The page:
Ray Sanchez - firstname.lastname@example.org
The frankness of his message, delivered in a province known as the birthplace of the Castro brothers' revolution and with Defense Minister
Meurice was a quiet, reclusive prelate, and many religious leaders hoped that the reaction to his words and the pope's visit portended a new role for the Roman Catholic Church in socialist
Now 75 and retired here in his native city, Meurice said hopes for improved church-state relations have been dashed. In the intervening years, he said, the state has quietly stripped the church of gains that came with the historic 1998 visit.
"In the end, we have not accomplished what we're entitled to; the Catholic Church has not been granted the right to evangelize and spread without fear of losing its religious freedom," Meurice said in a recent interview.
In the year since President Fidel Castro has been ill and out of the public eye, analysts and religious leaders point to the fate of a popular Catholic magazine and civics workshops in the western city of Pinar del Rio as dramatic examples of tighter church control.
The most recent blow came earlier this month when the Diocese of Pinar del
Serpa, who was in
"What has happened with Vitral and the civic center … demonstrates that significant restrictions are now being applied," Valdes said. "I'm being prudent in using the word 'restrictions.' I think these services are being eliminated."
After the 1959 revolution,
Many Cubans on both sides of the Florida Straits hoped Pope John Paul II's arrival on the island would have the same result as an earlier visit to his native Poland – to spark the collapse of communism. But the Polish church was strong and organized, while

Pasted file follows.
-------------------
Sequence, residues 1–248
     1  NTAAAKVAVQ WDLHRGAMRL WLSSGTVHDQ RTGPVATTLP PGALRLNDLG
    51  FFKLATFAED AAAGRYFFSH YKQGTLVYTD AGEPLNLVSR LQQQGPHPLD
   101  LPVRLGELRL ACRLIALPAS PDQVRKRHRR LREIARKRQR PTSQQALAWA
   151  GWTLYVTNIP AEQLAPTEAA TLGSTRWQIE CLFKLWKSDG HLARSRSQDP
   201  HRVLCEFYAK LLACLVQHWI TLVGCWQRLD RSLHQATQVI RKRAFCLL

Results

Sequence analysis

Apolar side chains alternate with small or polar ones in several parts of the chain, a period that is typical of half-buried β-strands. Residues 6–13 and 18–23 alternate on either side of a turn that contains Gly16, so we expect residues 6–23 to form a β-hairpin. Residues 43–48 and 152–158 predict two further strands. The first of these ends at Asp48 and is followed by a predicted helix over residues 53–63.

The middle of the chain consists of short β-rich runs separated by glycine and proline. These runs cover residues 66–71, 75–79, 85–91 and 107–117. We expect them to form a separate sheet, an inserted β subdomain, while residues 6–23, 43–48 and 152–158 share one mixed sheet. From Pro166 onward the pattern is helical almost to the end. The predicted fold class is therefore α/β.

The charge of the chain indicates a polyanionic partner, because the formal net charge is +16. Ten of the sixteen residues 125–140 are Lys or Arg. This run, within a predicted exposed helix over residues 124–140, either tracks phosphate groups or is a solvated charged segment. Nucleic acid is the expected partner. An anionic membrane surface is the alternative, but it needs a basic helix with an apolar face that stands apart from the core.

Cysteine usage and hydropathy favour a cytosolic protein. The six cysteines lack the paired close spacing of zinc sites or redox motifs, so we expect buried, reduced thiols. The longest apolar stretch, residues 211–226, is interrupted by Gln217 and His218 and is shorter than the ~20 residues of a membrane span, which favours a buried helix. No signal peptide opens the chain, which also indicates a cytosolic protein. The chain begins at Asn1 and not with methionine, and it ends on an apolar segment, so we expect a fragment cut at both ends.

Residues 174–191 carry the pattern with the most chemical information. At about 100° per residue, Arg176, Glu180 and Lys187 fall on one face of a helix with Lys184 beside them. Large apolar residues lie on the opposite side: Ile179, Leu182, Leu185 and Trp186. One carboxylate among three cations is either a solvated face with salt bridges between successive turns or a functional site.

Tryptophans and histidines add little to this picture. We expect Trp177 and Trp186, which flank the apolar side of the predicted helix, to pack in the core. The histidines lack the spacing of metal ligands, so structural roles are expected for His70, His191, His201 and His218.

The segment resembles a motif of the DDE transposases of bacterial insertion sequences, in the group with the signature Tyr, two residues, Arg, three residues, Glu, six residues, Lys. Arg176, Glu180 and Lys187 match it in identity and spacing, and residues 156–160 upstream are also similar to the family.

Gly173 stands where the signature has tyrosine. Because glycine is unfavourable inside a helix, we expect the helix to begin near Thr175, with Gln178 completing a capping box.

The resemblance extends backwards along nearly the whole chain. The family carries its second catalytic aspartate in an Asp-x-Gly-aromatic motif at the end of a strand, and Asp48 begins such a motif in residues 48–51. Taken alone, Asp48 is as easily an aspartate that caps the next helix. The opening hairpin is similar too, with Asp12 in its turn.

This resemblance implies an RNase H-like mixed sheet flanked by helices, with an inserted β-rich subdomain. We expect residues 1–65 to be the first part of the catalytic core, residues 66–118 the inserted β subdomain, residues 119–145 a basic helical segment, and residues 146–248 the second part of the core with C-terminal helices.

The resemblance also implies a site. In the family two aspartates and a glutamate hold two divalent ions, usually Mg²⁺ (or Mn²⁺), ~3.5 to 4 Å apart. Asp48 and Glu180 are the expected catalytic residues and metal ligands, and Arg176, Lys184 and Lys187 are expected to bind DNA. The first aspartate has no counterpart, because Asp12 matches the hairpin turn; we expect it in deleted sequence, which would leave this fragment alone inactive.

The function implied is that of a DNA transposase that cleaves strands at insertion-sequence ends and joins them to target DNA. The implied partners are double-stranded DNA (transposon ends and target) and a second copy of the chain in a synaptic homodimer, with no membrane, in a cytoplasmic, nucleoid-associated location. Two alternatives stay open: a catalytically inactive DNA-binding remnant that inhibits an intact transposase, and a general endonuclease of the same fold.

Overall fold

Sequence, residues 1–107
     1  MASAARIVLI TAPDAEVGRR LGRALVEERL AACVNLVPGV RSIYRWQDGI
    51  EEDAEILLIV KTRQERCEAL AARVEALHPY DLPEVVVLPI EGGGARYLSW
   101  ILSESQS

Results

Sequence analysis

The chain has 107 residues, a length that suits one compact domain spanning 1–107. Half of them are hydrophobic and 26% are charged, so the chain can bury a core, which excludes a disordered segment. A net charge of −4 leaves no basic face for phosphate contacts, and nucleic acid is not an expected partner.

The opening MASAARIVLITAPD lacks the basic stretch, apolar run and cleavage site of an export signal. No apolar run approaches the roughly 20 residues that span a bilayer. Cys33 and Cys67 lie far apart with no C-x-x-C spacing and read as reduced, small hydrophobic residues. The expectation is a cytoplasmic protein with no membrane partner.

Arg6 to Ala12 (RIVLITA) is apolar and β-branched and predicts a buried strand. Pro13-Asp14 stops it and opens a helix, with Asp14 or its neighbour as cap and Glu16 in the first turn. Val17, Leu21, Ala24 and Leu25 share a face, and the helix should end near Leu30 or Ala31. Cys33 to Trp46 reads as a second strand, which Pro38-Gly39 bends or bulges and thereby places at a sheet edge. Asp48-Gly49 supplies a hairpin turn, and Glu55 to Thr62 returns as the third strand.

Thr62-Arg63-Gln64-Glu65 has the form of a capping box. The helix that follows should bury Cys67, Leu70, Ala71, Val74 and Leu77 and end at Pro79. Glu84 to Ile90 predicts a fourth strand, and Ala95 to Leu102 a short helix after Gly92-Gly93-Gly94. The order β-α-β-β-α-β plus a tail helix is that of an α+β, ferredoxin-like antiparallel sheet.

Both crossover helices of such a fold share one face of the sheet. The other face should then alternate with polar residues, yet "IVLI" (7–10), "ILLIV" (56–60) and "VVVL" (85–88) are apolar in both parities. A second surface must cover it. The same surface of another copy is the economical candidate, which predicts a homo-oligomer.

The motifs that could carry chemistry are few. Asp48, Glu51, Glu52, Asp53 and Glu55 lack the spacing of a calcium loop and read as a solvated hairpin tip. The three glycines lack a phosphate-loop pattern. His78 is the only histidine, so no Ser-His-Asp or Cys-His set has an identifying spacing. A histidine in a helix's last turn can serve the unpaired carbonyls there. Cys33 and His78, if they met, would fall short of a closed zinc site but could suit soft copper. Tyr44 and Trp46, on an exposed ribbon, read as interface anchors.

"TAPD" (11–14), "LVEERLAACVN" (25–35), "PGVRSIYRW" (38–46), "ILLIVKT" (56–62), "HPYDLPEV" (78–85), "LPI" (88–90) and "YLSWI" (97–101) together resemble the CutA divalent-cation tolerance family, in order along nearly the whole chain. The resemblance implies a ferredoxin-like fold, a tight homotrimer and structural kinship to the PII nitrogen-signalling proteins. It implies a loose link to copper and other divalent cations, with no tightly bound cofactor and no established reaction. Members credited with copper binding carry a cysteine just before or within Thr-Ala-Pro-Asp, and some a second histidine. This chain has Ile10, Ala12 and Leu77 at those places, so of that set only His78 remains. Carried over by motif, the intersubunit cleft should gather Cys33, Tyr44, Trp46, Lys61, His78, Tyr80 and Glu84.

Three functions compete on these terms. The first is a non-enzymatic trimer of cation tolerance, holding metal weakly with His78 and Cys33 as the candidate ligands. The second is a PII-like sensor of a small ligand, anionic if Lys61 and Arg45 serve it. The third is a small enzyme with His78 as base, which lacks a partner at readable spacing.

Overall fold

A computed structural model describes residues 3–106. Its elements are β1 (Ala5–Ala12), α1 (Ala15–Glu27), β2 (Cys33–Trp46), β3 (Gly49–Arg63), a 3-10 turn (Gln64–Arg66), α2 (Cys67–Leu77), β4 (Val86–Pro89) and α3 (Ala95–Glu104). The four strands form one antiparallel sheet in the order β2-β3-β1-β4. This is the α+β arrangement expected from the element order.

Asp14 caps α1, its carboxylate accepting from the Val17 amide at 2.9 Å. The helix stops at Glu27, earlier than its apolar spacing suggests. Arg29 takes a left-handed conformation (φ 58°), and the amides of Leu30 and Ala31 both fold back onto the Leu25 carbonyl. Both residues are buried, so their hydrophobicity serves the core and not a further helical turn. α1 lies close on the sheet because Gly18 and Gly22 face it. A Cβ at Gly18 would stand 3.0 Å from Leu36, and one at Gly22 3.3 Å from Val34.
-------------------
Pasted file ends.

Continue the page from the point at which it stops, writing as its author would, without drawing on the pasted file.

Around the time of the papal visit, there were small strides: the state legalized Christmas as a goodwill gesture to the pope; missionary efforts in rural areas increased; religious processions returned to the streets; and proselytizers were allowed to spread the Gospel from door to door.
But the transcendent changes many expected never materialized. A decade later, Masses are sparsely attended except on major holidays like Christmas and the September feast of Our Lady of Charity,
No new churches have been built in
The government has denied the church access to the Internet and strictly limited access to state-controlled media. Earlier this month, for the first time since the revolution,
"At the outset, when the Cuban president fell ill, some believed that an internal crisis would arise," he told the Spanish newspaper El Pais. "The bishops made a vote that no outside interference or any type of internal crisis should alter the peace and the coexistence." Ortega and his spokesman were unavailable for further comment.
A Cuban government official familiar with church-state relations said recent changes in the church were "strictly internal matters."
"The state had no influence on their decisions," he said. He spoke on condition of anonymity because he was not authorized to comment officially to a foreign journalist.
Meurice said: "Below the surface, very little has changed. While the state is no longer officially atheist, there is still only one party, the Communist Party."